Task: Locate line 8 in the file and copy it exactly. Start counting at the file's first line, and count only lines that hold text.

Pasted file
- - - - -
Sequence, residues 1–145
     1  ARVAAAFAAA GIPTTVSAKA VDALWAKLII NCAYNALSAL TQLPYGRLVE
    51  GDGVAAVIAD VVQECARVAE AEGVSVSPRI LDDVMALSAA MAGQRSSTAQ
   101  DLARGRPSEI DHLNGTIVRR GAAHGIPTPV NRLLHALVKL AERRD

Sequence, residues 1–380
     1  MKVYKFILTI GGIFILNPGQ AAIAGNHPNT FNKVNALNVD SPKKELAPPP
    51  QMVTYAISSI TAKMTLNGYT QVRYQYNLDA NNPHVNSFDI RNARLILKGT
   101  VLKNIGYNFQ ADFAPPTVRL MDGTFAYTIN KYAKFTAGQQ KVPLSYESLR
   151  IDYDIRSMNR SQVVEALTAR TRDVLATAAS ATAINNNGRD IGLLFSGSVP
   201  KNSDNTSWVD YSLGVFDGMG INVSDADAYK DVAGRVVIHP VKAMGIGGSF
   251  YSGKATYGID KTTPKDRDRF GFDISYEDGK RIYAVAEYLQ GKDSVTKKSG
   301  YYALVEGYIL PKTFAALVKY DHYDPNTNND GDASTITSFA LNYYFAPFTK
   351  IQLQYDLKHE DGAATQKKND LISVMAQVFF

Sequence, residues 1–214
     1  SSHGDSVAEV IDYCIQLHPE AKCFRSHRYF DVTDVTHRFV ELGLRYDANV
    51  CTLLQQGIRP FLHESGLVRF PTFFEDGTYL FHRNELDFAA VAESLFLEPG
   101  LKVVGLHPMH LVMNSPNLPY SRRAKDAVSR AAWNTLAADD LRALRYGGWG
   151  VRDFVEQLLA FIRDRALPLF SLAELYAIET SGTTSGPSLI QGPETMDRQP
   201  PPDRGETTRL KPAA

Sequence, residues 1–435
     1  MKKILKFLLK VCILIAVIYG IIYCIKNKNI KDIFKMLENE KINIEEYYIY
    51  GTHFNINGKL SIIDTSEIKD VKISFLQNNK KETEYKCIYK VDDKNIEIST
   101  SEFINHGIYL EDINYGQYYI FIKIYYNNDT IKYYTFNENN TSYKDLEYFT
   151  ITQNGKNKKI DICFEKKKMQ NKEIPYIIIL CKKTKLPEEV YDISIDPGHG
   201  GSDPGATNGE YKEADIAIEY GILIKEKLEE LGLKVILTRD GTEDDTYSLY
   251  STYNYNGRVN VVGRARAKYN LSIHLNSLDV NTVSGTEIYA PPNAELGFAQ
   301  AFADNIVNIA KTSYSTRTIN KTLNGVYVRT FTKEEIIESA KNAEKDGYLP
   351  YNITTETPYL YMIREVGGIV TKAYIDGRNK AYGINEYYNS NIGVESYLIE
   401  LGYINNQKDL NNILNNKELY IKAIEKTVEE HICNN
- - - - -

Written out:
   101  VLKNIGYNFQ ADFAPPTVRL MDGTFAYTIN KYAKFTAGQQ KVPLSYESLR